With Nordstrom being almost 120-years-old and LuLaRoe being only 8-years-old the difference in the atmosphere of these companies are really different. Nordstrom offers a relaxing and welcoming shopping atmosphere, an experience that is both because of their products and their employees. LuLaRoe on the other hand have their market on creating a chase for their product as well as the satisfaction of getting a high-quality item for such a low price.
Urban Outfitters is a multinational lifestyle retail corporation that is headquartered in Pennsylvania and operates across 15 countries like: United States, United Kingdom, Germany, etc. Founded in 1970 by Richard Hayne, Judy Wicks and Scott Belair, the American company used to be called Free People for 6 years before becoming Urban Outfitters. Generating over US$3.9 billion of revenue in 2019
While the American company is turning 50-years-old this 2020, their practices have evolved with the times almost seamlessly. If there’s a company that has catered and focused on making the millennial experience better, it’s Urban Outfitters. Urban Outfitters has rewarded tech-savvy millennials who prefer to shop online with a reward system that is free to participate in. Their prizes include artist meet and greets and other incentives which align with the younger generations desires.
Just at the moment that Urban Outfitters sell the teenage dream of meeting their beloved artists, LuLaRoe sells another American dream, creating a business. Urban Outfitters is still primarily a physical retail store with over 245 shops. The costs of maintaining this greatly differ from the online approach of LuLaRoe.
Founded in 2000 by trio Nick Robertson, Andrew Regan, and Quentin Griffiths. ASOS is a British e-commerce fashion and cosmetic retailer. Selling both its own manufactured products and as well as over 850 brands, ASOS ships to 196 around the world. Abbreviated from “As Seen On Screen”, ASOS used to sell products that were complete imitations of famous clothing found in movies.
ASOS’ boutiques are one of the main features of their online store. Boutiques function similarly to shops that are either owned by individual retailers or more household retailer names like Nike and Adidas. Generating over US$3.1 billion in revenue last year, ASOS owes a lot of its success to its strategy in selling clothing. When they have premium partners, ASOS will often reach out to their clients and create a special product that is made by their partner brand but can only be found in ASOS. This creates the value of not being able to just buy these products anywhere else.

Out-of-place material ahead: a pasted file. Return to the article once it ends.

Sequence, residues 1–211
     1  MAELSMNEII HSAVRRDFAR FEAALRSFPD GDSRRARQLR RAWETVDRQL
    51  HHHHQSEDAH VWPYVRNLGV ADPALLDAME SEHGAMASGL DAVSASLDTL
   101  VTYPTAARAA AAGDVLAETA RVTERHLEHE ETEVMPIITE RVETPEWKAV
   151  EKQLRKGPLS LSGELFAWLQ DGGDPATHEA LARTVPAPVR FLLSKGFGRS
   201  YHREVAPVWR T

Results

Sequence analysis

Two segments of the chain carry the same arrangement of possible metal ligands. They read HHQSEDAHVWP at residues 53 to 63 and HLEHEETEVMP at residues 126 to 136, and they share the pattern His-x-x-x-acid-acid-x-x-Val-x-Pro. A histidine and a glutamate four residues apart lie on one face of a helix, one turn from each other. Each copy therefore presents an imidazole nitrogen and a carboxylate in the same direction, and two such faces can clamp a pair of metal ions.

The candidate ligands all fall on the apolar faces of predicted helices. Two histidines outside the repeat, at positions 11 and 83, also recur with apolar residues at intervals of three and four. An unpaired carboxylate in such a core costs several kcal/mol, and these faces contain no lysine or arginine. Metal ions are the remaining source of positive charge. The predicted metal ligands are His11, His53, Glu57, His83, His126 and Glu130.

LuLaRoe and the British company ASOS have many similarities, in that they produce and manufacture their own products and have affiliates that work under and in their website. However the ASOS sells their products directly from their websites along with products of other companies whereas LuLaRoe sells its products to its distributors. ASOS’ strategy has granted them better sales with more exclusive brand deals.
The top 5 LuLaRoe competitors are: Boohoo, H&M, Nordstrom Inc., Urban Outfitters, and ASOS. Together these companies employ 222 thousand people worldwide, with LuLaRoe employing 167 people and ranked 6th among LuLaRoe’s Top 5 competitors. The top 5 competitors average 44 thousand employees.
NO. OF EMPLOYEES
Manchester, United Kingdom
Seattle, Washington, United States
Philadelphia, Pennsylvania, United States
London, United Kingdom
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Darrell Burges - Business Analyst & Technical Writer
Darrell Burges is a skilled business analyst and a technical writer for WCS. Based on his 5+ years of experience, he writes in-depth articles about competing companies and encourages individuals to explore alternatives in the business world. He is the one who knows how to engage you in the world of competitors and explain complex concepts in simple terms.